Differences Between Gas and Charcoal Barbeques
The kettle shape of the famous Weber grill was initially more a matter of convenience than inspiration. George Stephen worked as a welder at the Weber Brothers Metal Works, and was frustrated by how often his grilling attempts on open braziers were foiled by wind, rain, blowing ashes, and flare-ups.
Shutterstock/ Alexander RathsBy creating a deep barbecue, he helped protect food from these elements. His job was welding metal spheres together to create buoys. According to “The Story of Weber” at www.weber.com:
It was in these very spheres that his idea took shape. He knew a rounded cooking bowl with a lid was the key to success. He added three legs to the bottom, a handle to the top, and took the oddity home. As public relations representative, Donna Myers, president of the DHM Group, a public relations firm that represents many clients in the barbecue field, told us: “The round kettle was pretty easy to make with no seaming.”
Stephen designed his first barbecue kettle in 1951, Weber Brothers Metal Works allowed him to stamp the kettles, and they attained success quickly. Most of our sources would concur with Bruce Bjorkman, director of marketing for Traeger Grills, about the reason why most charcoal grills ever since have been round:
Probably the best answer I can give you is that most [charcoal grills] are round because people are knocking off the Weber charcoal grill, which was one of the first mass-produced charcoal grills in America. The first mass-produced grill was a brazier produced by the BBQ Company. It was a round, open grill … and goes back to the 1940s.
No one can accuse Traeger of following in the footsteps of George Stephen-it offers barbecues in the shape (and colour) of a pig and a longhorn steer (“no bull!”).
Not everyone jumped on the bandwagon, though. Many other manufacturers have and still do produce non-round charcoal grills. J. Richard Ethridge, president of Backyard Barbecues in Lake Forest, California, recalls that his company made large rectangular charcoal grills in the 1960s. But Ethridge has moved on to round barbecues with a difference-Backyard offers grills in the shape of a golf ball (perched on a tee) and an eightball nestled on a “cue” stand. Both of these models are available with your choice of fuel-propane, natural gas, or charcoal.
And the reverse is true as well. You can find round gas grills, such as the space-age model offered by Evo, a Beaverton, Oregon, company, which makes round gas grills with a flat, solid cooking surface. George Foreman’s outdoor grill is a propane-powered round model that looks not unlike a Weber grill.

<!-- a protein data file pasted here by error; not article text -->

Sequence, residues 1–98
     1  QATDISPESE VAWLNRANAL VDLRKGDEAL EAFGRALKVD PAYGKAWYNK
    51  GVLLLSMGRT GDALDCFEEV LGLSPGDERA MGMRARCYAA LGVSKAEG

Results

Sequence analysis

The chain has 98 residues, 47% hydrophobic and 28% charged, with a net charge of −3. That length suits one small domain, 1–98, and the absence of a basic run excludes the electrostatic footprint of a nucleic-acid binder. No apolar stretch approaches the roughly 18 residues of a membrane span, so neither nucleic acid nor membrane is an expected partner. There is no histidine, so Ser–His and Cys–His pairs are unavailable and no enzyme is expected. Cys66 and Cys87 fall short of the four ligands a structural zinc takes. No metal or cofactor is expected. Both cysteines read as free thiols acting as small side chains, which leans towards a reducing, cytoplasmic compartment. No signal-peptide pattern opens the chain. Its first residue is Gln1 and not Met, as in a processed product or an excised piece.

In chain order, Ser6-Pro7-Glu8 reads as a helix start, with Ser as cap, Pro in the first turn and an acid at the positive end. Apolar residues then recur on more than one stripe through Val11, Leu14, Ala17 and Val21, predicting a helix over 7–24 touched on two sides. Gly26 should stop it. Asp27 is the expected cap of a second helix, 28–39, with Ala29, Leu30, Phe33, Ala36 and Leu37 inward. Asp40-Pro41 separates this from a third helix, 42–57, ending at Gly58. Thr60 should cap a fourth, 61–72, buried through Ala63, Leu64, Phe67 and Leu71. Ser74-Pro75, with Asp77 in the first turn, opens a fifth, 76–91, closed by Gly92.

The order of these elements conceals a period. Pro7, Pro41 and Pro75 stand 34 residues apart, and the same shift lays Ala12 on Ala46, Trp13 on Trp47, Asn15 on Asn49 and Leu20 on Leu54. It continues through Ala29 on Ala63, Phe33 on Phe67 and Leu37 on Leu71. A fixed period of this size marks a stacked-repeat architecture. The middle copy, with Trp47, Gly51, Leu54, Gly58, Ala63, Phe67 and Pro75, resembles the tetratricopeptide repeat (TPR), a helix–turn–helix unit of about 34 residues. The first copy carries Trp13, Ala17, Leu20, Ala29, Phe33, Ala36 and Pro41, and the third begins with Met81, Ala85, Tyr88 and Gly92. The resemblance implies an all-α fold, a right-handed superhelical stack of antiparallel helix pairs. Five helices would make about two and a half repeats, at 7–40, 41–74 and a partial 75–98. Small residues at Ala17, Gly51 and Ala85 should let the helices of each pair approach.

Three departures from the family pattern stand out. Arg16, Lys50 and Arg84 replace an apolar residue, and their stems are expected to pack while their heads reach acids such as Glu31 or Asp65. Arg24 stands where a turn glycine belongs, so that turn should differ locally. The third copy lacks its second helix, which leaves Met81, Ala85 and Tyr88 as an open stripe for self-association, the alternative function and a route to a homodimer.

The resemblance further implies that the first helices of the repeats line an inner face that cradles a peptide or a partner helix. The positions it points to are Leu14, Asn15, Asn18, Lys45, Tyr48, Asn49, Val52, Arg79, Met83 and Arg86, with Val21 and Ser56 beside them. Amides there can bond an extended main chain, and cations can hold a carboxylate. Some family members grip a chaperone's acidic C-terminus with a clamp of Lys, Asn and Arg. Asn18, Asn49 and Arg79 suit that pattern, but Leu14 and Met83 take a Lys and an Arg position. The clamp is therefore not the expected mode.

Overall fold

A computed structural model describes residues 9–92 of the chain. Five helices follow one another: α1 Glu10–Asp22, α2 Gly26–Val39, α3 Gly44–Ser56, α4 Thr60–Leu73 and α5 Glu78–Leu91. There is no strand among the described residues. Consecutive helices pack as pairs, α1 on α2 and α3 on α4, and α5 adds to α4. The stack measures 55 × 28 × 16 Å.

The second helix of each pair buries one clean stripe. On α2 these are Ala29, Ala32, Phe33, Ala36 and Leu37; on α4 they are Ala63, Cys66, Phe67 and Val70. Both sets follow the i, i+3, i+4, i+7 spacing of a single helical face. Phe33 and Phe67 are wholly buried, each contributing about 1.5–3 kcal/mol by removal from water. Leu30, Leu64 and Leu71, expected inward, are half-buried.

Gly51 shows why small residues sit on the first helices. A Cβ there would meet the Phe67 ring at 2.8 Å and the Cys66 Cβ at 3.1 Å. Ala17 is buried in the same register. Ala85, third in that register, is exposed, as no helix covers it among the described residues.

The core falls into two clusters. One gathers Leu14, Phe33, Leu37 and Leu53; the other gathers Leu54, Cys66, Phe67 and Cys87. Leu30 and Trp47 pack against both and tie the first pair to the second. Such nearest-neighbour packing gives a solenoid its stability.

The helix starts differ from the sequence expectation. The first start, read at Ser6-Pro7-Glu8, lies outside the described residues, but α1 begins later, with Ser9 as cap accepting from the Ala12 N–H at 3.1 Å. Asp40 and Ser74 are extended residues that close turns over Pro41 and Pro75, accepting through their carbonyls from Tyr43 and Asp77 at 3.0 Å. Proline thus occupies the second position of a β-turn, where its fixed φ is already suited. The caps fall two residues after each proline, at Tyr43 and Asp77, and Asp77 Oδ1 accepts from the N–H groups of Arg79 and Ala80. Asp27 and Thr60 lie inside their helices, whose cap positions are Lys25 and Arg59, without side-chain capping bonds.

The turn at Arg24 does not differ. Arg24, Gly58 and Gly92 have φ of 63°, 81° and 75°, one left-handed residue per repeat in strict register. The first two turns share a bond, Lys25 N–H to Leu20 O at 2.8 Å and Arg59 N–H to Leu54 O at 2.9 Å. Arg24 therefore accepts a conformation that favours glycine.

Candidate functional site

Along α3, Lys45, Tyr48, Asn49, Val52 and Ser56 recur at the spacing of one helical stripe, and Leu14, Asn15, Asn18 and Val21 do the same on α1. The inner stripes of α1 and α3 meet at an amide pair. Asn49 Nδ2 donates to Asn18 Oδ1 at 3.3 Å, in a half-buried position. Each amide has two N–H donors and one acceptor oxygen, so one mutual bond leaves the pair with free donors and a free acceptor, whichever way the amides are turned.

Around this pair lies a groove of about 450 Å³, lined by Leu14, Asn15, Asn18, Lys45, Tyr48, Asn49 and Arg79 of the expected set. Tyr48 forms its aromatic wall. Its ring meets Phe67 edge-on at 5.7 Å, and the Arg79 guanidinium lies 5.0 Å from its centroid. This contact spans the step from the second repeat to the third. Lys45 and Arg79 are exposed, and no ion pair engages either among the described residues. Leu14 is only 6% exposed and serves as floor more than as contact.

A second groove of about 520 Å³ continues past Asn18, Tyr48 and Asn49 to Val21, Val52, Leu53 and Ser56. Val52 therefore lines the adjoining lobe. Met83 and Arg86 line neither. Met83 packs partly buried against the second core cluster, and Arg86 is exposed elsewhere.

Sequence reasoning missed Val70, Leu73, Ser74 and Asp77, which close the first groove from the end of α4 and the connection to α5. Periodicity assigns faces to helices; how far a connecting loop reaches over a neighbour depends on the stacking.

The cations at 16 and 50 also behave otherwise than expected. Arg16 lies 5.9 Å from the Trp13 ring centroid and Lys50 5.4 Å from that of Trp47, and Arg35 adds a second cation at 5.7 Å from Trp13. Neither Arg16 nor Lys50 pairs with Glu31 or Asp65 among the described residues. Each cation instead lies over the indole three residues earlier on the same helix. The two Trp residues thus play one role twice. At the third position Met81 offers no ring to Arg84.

Bruce Bjorkman believes that the domed top of round charcoal grills might aid in creating a “convection radiant dynamic,” so that food cooks a little more evenly as heat is bouncing back in all directions. Donna Myers notes that after Weber’s success, plenty of other non-round charcoal grills, especially square-covered cookers, became quite popular and performed well:
I don’t believe that the roundness and depth were ultimately essential. What was probably discovered was that a lid with any shape would do the job.
Myers notes that the rectangular form of gas grills was almost certainly a matter of economics: “I’m not sure whether gas grill manufacturers would tell you that it was the cost that led to that shape, but I’m quite sure that was the motivation.”
We found one who was more than happy to share exactly this experience. J. Richard Ethridge points out that gas grills are more complicated to manufacture than charcoal grills:
I think the manufacturing process pretty much dictated the shape of gas grills. It is very difficult and expensive to manufacture a big round grill. Our grill is twenty-four inches in diameter and it takes a 650-ton press (1.3 million pounds of pressure) to stamp out that big a round grill. Metal (cold-rolled steel) will only “stretch” so far. There are not many factories in the U.S. or Asia that have a 650-ton or bigger press-they are very expensive.
If you look closely at the Weber charcoal grill, you will see that it is, indeed, round if you look at it from the top. But if you look at it from the side, you’ll see that the top is flat at the top, and the bottom is oval. It is not truly round-ball shaped. On the other hand, square box or rectangular grills are very easy to make in any size. It is much easier to bend straight edges on a large piece of metal than to make a box shape.
Ethridge pointed out other issues that make it less difficult to manufacture rectangular gas grills. For technical reasons, it is easier and cheaper to craft rectangular burners, and it is difficult to disperse heat evenly when you use a rectangular burner in a round grill. Most gas grills also have attached lids, while charcoal grills do not. While it is easy to manufacture a hinge for a rectangular grill with a flat back, Ethridge found when he first manufactured the 8-Ball and Golf Ball grills, that Backyard had to design a special hinge for the round grill so that it would lift up the lid first and then open. Even Weber, whose round kettles dominate the charcoal grill market, manufactures rectangular gas grills, presumably for economic reasons.
We were curious about whether Weber claims any advantage to the round shape of its charcoal grills, and were a bit stunned when our query was met by this response from the legal department:
As Weber is a privately held company, our policy is not to provide any information regarding the federally protected shape of our kettle grill. Although interesting to others, we consider the subject to be a trade secret, and highly confidential.
We didn’t realize that the Weber’s spherical form was a secret, but the guarded response is proof positive that in the barbecue world, it’s the steak, and the sizzle, and the shape that matter.